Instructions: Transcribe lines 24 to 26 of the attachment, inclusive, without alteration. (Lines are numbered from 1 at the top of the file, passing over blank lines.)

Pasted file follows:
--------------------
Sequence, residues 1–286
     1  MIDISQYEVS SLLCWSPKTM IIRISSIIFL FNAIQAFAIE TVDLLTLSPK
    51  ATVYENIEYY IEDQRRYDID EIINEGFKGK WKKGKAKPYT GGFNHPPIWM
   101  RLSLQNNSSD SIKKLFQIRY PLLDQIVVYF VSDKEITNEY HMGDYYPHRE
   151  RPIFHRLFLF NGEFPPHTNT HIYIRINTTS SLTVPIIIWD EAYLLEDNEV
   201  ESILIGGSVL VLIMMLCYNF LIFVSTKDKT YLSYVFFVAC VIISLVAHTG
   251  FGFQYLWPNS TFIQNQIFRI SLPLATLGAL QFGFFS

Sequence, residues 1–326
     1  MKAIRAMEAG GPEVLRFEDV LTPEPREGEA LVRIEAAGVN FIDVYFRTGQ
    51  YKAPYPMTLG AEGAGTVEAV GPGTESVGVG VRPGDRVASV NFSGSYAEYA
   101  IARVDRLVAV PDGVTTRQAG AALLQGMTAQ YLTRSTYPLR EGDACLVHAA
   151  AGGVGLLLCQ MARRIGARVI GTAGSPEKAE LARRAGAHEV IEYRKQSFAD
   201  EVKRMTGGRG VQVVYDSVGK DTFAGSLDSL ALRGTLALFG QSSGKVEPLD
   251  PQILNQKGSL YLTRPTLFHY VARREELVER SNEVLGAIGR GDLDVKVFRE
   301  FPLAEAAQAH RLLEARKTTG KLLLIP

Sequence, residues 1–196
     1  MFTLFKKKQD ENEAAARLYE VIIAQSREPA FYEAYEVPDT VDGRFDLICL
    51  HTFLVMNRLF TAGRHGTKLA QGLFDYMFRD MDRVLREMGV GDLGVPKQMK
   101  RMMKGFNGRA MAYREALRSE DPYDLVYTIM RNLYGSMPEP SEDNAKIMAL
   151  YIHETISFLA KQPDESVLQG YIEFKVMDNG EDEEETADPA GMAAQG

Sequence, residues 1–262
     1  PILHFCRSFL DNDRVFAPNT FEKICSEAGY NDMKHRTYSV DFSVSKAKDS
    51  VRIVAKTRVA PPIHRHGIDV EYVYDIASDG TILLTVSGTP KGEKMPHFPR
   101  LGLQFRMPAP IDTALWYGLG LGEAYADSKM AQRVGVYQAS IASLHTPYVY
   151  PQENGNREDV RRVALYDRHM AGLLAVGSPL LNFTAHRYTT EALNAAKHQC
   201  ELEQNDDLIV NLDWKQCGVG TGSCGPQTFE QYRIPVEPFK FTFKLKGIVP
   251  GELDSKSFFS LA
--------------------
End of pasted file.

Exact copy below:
   101  LGLQFRMPAP IDTALWYGLG LGEAYADSKM AQRVGVYQAS IASLHTPYVY
   151  PQENGNREDV RRVALYDRHM AGLLAVGSPL LNFTAHRYTT EALNAAKHQC
   201  ELEQNDDLIV NLDWKQCGVG TGSCGPQTFE QYRIPVEPFK FTFKLKGIVP